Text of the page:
# What is “Your Number”? #illumedati

Hey everyone, it’s Finance Fridays again… and this post is so late, it’s almost Saturday, or it’s already Saturday for your East Coasters. Nonetheless, I wanted to talk a little about What is “Your Number”?

Stock Photo from: Pexels

### What is “Your Number”?

Today I had lunch with a couple of my friends. For those interested, we went to an All-You-Can-Eat Korean BBQ place. Also, just so we’re clear — I ate more than them.  😛

We discussed the normal stuff like work, kids, vacation, retirement, etc. However, I asked them a question.

“How much money would you need to have to retire today?”

That’s basically what I mean by “Your Number”.

Well, in the context of Finance Fridays, it’s the number you’re hoping to reach in terms of being able to retire right now. Anything after this number is considered “extra”. Of course, there is a few caveats to this number, such as does this number include any debt or other liabilities and is it post-tax, etc.

However, because I’m a simple man, I consider it as two separate numbers.

1. Pre-tax with all my current and future liabilities
2. Post-tax with no current or future liabilities

### What were their answers?

Interestingly one of my friends immediately said \$4 million. He had obviously thought about this before. It was an interesting number, but let’s dissect how he came to that number.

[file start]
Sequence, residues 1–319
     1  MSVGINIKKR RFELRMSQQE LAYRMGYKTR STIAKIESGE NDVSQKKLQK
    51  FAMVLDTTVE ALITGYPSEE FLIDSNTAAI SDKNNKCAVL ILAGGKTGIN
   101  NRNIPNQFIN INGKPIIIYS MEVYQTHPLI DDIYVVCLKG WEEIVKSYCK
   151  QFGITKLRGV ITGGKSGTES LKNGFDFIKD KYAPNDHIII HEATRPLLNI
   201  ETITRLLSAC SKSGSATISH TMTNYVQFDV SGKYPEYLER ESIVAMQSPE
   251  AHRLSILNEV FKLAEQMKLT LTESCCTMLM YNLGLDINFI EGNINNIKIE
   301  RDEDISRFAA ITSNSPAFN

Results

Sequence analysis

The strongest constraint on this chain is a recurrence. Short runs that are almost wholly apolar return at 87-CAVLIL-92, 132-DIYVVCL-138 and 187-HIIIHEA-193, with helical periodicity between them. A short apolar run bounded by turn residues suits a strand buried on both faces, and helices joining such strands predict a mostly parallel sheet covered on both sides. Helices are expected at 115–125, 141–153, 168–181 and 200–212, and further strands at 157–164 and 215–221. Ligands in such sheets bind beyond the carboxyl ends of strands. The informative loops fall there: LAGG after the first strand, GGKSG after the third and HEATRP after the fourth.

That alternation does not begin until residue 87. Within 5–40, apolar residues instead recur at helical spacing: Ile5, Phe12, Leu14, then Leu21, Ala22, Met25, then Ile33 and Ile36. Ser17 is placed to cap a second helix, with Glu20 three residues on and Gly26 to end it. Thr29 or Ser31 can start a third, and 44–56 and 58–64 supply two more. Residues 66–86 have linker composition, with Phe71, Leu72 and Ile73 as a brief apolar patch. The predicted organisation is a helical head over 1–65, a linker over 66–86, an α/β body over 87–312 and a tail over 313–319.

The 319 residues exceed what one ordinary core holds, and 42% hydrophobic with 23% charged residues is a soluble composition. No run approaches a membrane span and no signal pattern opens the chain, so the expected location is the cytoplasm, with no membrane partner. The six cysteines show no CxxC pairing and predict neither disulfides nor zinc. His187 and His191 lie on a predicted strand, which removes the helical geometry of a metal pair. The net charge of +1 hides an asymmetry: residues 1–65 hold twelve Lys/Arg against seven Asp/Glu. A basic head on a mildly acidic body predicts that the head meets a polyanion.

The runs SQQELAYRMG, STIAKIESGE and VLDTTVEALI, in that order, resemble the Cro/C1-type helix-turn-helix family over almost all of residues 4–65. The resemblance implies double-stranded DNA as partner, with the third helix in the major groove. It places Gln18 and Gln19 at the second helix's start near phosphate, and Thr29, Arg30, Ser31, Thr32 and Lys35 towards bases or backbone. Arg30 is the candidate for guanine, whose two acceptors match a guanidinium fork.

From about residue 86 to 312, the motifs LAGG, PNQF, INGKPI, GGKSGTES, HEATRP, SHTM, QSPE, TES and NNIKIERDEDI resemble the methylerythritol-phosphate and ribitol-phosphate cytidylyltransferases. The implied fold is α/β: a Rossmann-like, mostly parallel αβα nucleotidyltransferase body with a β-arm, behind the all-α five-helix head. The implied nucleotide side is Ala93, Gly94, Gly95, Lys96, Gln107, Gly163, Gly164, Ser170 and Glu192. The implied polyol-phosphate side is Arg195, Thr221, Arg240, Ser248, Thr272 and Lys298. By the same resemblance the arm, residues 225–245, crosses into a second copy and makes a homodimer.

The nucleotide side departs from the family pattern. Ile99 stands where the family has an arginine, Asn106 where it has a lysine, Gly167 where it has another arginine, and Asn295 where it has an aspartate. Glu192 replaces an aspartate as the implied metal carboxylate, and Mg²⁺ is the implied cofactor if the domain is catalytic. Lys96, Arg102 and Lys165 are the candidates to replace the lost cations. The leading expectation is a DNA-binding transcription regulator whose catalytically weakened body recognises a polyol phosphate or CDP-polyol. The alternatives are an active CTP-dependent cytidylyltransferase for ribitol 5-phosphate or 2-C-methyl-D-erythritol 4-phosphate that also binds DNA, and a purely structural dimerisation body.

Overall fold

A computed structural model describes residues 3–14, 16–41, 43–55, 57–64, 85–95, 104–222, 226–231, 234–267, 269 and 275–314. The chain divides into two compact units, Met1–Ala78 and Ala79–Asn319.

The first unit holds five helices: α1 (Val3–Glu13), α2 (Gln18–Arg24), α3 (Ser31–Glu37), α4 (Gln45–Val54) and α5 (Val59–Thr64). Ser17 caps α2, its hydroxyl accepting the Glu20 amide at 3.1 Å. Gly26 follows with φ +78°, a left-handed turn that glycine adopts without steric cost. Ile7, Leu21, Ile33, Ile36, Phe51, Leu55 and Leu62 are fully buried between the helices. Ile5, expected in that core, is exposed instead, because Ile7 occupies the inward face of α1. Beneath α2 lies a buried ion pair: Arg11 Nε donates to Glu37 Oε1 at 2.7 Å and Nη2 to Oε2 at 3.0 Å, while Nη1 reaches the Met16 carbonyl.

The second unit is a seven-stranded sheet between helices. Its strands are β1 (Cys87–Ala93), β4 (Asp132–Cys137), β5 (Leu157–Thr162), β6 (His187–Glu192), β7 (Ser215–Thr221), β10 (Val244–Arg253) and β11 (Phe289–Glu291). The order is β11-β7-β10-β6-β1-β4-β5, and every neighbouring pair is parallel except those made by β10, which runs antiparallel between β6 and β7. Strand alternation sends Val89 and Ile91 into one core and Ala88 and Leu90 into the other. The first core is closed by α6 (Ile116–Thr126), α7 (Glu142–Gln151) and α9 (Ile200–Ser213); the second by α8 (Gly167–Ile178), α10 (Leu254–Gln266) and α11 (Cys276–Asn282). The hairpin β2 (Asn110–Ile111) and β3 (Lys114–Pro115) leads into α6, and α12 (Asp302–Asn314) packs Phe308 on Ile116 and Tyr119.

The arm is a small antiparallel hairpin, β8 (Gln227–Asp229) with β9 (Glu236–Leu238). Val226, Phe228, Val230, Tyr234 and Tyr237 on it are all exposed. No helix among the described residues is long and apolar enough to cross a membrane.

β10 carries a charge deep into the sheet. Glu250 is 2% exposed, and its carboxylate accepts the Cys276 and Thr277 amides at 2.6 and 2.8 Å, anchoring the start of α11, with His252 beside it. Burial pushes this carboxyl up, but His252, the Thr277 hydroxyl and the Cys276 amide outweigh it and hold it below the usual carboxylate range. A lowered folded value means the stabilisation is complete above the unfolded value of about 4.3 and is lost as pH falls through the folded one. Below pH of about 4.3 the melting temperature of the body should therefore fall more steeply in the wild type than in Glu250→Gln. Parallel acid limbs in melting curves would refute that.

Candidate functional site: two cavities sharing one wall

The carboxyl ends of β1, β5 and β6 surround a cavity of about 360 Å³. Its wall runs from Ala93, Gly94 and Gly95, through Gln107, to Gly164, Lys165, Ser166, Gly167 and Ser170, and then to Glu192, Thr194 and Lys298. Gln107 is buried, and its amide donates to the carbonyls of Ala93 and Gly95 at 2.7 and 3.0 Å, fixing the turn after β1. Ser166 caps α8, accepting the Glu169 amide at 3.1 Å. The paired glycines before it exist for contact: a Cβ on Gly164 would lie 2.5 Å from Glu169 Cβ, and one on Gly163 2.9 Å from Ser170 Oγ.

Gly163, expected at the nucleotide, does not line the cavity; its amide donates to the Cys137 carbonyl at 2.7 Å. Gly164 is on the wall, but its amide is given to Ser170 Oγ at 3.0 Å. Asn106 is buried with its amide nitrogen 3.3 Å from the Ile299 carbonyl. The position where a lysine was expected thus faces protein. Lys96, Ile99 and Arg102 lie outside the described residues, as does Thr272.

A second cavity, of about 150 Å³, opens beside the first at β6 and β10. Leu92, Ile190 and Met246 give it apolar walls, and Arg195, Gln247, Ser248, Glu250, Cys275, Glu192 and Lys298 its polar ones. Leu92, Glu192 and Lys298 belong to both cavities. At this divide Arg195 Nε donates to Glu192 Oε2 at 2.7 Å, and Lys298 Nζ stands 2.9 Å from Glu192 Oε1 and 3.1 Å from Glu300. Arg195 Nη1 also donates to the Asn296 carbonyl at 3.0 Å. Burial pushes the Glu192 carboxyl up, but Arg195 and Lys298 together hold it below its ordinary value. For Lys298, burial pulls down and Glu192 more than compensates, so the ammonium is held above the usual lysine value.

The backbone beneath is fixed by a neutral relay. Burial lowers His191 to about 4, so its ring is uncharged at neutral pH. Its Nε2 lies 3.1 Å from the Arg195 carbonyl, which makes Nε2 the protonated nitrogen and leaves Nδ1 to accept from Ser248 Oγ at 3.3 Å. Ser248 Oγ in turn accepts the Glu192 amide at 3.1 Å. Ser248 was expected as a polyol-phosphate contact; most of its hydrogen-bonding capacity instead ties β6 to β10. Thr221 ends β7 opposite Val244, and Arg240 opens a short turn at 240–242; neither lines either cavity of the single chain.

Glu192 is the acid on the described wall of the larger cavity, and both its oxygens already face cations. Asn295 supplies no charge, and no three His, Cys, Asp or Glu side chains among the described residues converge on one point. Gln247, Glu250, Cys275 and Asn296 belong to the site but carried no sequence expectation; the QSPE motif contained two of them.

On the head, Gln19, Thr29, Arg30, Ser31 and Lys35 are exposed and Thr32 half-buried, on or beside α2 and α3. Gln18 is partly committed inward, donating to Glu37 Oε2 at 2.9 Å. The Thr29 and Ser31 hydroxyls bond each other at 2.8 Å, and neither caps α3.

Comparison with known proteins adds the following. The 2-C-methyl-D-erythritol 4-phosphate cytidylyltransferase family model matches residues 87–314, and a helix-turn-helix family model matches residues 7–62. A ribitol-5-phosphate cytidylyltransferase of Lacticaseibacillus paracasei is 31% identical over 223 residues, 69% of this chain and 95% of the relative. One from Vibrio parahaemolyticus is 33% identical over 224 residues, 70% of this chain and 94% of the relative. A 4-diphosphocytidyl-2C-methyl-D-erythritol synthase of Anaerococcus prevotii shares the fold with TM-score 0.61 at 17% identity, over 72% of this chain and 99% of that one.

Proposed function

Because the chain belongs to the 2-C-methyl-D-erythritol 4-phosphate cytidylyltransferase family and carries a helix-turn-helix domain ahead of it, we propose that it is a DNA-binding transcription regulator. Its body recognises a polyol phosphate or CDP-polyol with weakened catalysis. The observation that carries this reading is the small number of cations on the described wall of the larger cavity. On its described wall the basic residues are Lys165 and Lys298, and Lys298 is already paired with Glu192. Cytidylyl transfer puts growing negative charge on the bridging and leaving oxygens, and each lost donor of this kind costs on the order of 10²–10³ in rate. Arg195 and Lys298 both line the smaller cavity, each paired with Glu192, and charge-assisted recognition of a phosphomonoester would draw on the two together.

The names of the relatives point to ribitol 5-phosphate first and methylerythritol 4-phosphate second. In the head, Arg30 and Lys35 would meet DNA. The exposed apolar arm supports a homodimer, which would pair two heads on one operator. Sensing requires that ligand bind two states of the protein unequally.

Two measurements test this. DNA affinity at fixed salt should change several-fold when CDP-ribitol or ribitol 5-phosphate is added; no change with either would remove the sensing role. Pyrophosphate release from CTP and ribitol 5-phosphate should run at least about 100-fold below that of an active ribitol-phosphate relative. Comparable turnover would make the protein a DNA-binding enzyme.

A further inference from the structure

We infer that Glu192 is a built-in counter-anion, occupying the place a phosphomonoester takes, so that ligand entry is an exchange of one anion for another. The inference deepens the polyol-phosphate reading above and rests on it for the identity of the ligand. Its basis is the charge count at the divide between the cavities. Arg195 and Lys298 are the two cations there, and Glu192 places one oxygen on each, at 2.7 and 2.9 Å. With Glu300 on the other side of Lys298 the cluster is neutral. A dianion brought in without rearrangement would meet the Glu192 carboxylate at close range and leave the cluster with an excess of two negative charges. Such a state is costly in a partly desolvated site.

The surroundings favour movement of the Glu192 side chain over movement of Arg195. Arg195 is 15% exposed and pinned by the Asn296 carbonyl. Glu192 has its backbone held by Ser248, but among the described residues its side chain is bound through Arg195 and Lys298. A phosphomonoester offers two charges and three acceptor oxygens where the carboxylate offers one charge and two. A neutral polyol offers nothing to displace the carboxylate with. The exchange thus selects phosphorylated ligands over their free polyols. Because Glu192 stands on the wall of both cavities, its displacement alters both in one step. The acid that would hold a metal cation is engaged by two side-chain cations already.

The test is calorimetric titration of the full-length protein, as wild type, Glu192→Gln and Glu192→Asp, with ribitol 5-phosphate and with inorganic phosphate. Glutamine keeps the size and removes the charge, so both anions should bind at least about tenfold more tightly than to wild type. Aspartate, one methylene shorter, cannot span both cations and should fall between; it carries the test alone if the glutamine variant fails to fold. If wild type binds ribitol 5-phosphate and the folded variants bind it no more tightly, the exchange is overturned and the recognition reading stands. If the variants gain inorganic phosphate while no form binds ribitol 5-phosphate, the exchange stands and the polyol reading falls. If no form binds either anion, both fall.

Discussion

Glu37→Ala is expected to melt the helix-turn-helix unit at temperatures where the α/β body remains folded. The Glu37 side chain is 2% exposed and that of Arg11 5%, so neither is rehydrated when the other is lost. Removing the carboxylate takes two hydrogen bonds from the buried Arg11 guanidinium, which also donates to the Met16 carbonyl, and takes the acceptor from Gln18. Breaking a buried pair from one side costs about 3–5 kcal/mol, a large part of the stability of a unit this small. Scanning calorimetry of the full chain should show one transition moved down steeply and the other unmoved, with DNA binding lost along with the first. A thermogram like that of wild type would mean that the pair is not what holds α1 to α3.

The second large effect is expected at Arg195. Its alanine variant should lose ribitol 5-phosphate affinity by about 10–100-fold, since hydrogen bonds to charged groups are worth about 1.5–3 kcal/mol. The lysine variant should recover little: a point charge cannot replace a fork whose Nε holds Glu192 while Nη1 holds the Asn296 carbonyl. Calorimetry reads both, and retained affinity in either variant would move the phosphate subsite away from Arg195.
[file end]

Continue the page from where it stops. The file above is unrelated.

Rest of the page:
From “back of the napkin math”, he was estimating for a 3% return a year (on average) on that \$4 million with a withdrawal rate of 4%. This was an interesting set of numbers that he had decided on. The assumed 3% return was pretty conservative, and the 4% withdrawal is pretty reasonable. Of course, your returns on a stock/bond portfolio could vary pretty significantly. However, I would imagine a portfolio being utilized for retirement would be pretty conservative, maybe 50/50 or 40/60 or even 30/70 or something (stocks/bonds) or something like that.

#### 4% withdrawal on \$4 million is ~\$160,000 a year.

Also, you would probably get a little bit of money from Social Security once you made it to 65. However, after taxes, you would probably net about \$120,000/year or about \$10,000/month. This is definitely doable if you have no other liabilities. However, if you have a mortgage and/or student loans and/or retire to a high cost of living area, then it may be a little more difficult. Additionally, one expense I think people tend to forget about it is that if you’re not working anymore, you no longer have health care through your employer. The cost of health care isn’t cheap, and it will increase significantly as you get older.

#### Retiring at 40 and living to 98 has a different timeline than retiring at 40 and living till 80.

You must also remember that this number should increase the longer you expect to live. Also, just remember that as a doctor you shouldn’t take early retirement lightly — just a few years out of practice and your CME will have lapsed, your certifications are out of date, there will be a gap in your experience, and your skills may be rusty. It’s hard to go back.